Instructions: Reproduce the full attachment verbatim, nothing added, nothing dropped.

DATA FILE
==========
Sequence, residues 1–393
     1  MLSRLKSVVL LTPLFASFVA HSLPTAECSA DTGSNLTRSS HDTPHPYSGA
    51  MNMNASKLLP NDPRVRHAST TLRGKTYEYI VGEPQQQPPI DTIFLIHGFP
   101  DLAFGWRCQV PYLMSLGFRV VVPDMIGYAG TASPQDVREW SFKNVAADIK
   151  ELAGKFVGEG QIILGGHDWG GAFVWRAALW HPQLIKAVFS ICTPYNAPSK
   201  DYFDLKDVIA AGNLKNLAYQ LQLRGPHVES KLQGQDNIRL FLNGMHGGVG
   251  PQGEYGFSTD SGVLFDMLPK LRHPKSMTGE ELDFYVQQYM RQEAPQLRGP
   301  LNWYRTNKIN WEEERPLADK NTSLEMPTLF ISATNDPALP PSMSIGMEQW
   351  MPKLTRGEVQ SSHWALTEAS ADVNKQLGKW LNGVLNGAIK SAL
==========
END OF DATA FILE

Sequence, residues 1–393
     1  MLSRLKSVVL LTPLFASFVA HSLPTAECSA DTGSNLTRSS HDTPHPYSGA
    51  MNMNASKLLP NDPRVRHAST TLRGKTYEYI VGEPQQQPPI DTIFLIHGFP
   101  DLAFGWRCQV PYLMSLGFRV VVPDMIGYAG TASPQDVREW SFKNVAADIK
   151  ELAGKFVGEG QIILGGHDWG GAFVWRAALW HPQLIKAVFS ICTPYNAPSK
   201  DYFDLKDVIA AGNLKNLAYQ LQLRGPHVES KLQGQDNIRL FLNGMHGGVG
   251  PQGEYGFSTD SGVLFDMLPK LRHPKSMTGE ELDFYVQQYM RQEAPQLRGP
   301  LNWYRTNKIN WEEERPLADK NTSLEMPTLF ISATNDPALP PSMSIGMEQW
   351  MPKLTRGEVQ SSHWALTEAS ADVNKQLGKW LNGVLNGAIK SAL